Selecting and hiring great talent for your business requires taking these important steps with professionalism and dedication. Determining if the right person was hired extends beyond the offer acceptance and the new employee's first day on the job; it is proven in the weeks, months, and years ahead that the employee continues to add value to your business.  Tracking recruiting metrics helps you make sound decisions for subsequent recruiting and sourcing activities.

Is This Your Final Offer?

Over the past years during the recession and loss of jobs, employers were on the better side of offer negotiations. After layoffs, some job seekers changed their career paths and were willing to accept less pay to enter a new field or to take a job just to make ends meet. Now, with the improved jobs outlook, things may begin to change. In addition, new industries are emerging which call for unique talent or specialized licenses. In these cases, job seekers may have the upper hand at the negotiating table.

What do you do when the candidate declines your job offer or present a counter?  Here are some ideas if your offer is rejected due to salary concerns:
  • Take another look at your offer.
  • Review your interview notes to understand the applicant's motivation for the job.
  • Justify why you need to augment the offer package.
  • Know the market value - poll your peers or other businesses to find out what they pay for similar positions or use online resources such as Salary.com.
  • Think about your budget and internal equity to decide what dollar increase you can afford to extend.
  • Think about other incentives instead of salary increase.
  • Consider trading: if the applicant insists on a certain component, then see if he or she would be willing to take on extra responsibilities or give back something.
  • Keep in mind your compensation plan and how a higher salary or wage can impact your pay structure.
Negotiate for both parties to win, but know when to close the process with the best business decision. If the applicant accepts your final offer, revise the offer letter to make sure the new terms are in writing.
Dates to Remember
February 1-April 30- OSHA 300A posting period. 
April 30 - the new date that private-sector employers will be required to post a notice advising employees of their rights under the National Labor Relations Act. The poster will be free.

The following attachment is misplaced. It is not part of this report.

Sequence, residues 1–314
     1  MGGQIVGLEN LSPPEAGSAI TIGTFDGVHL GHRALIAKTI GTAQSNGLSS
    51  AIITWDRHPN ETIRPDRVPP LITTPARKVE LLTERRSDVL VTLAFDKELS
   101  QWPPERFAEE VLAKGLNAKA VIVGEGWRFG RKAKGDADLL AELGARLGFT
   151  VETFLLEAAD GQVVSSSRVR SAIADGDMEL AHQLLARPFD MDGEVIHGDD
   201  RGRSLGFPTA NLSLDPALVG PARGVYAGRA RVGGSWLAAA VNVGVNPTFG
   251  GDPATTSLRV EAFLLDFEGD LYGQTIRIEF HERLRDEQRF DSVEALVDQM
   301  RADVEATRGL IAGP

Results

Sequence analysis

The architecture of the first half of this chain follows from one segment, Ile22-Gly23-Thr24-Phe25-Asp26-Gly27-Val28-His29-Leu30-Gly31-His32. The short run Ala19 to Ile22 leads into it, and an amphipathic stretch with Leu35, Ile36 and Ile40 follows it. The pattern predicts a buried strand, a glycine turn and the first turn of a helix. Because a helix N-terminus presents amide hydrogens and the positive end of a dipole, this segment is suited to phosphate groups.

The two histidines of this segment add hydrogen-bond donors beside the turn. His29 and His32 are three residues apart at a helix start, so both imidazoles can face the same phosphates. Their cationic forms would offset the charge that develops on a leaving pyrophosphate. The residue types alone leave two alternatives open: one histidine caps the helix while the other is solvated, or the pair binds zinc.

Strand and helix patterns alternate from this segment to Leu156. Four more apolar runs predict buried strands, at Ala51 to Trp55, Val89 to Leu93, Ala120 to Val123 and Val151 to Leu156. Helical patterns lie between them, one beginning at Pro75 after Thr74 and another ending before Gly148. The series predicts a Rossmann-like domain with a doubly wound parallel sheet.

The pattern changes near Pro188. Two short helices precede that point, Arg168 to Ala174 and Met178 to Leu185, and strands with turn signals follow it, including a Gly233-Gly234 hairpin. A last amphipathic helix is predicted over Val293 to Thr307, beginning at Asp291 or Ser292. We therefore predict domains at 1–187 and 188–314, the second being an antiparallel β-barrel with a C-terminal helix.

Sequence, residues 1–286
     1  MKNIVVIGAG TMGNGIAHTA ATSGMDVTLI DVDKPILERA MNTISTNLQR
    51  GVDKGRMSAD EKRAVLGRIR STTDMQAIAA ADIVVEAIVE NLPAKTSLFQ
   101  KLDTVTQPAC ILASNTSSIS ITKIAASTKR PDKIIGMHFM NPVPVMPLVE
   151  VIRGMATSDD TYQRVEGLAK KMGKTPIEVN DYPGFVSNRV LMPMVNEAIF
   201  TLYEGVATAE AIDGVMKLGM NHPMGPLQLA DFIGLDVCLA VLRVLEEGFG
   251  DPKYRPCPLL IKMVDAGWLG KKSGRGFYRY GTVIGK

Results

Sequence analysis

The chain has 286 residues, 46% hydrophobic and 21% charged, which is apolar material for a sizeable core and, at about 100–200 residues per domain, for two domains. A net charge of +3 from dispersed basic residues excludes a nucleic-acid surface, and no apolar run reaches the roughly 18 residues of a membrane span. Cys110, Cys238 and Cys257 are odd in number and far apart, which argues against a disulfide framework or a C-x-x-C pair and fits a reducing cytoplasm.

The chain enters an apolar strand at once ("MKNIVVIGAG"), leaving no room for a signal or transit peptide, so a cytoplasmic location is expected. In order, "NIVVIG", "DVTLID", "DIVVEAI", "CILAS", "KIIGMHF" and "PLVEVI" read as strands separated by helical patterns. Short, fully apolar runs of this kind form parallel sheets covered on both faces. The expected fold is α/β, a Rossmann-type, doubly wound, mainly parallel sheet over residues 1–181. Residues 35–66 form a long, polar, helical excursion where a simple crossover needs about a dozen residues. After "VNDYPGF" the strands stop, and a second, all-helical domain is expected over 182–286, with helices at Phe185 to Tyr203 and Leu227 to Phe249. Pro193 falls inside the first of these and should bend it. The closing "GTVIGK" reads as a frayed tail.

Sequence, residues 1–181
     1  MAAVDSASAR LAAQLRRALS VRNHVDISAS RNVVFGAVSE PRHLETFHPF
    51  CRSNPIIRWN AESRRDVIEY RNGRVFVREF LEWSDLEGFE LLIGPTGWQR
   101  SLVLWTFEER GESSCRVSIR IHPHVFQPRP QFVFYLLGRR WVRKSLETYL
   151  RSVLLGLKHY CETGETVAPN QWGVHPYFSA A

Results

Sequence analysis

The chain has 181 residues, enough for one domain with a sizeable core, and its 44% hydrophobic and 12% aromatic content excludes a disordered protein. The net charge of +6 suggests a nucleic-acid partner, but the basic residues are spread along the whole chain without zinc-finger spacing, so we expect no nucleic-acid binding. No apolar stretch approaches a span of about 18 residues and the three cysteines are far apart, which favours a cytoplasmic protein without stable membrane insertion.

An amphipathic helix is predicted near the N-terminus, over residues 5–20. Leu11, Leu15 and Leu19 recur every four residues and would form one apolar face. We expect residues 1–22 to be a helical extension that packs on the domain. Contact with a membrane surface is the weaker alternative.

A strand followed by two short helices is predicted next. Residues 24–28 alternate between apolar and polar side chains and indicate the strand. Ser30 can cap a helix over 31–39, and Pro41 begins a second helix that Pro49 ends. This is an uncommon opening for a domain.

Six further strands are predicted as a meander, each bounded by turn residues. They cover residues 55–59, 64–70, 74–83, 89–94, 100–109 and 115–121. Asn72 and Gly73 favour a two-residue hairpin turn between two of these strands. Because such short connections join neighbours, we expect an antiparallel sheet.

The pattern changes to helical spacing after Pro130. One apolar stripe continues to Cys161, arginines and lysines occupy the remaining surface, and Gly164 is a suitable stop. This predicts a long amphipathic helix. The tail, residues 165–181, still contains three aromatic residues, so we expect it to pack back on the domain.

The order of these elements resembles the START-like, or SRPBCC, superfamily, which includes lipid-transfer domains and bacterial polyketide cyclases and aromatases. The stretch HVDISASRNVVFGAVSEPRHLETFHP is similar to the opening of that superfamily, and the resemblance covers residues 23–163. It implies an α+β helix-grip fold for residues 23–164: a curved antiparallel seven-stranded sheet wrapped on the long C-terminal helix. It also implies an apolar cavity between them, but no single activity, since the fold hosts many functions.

2012 is a leap year. Will this affect your payroll cycle?  Connect with your Bookkeeper or payroll service now to find out. 

Happy Client!



"Henrietta and Vital Business Solutions have been absolutely fantastic! They have helped our company build a solid HR foundation to grow from. VBS has been able to be one-step ahead of us - anticipating our needs even before we realize them. Their advice and assistance has been simply outstanding. I highly recommend VBS to anyone that is looking for Human Resources support. Whether you are starting a business or growing an existing business, Vital Business Solutions has the right help for you!"



Jay Bobele, CEO

Sequoia Strategies & Solutions


Hennrietta Smith, President
Vital Business Solutions, Inc.




The information provided in this newsletter is for awareness only and not intended as legal or tax advice. Please consult with your legal counsel and/or tax or payroll professional on legal and tax matters.
Vital Business Solutions is an one-stop shop human resource and organizational development company that provides simplistic systems to your complex business needs. Our goal is to provide solutions to your human resource and organizational development challenges. www.vitalbusinesssolution.com
                                  2012 Vital Business Solutions

Is your Employee Handbook updated for 2012?

We can help you 
with your 
Policies & Procedures Manuals

VBS can update your Employee Handbook and HR forms.  An Employee Handbook identifies management's objectives, outlines company rules and regulations, and identifies the company's expectations.  

Let us know if you need the following documents:
    Employee Handbook
    Policies & Procedures Manual
    Human Resources Forms

    Job Descriptions

    HR Audit/Assessment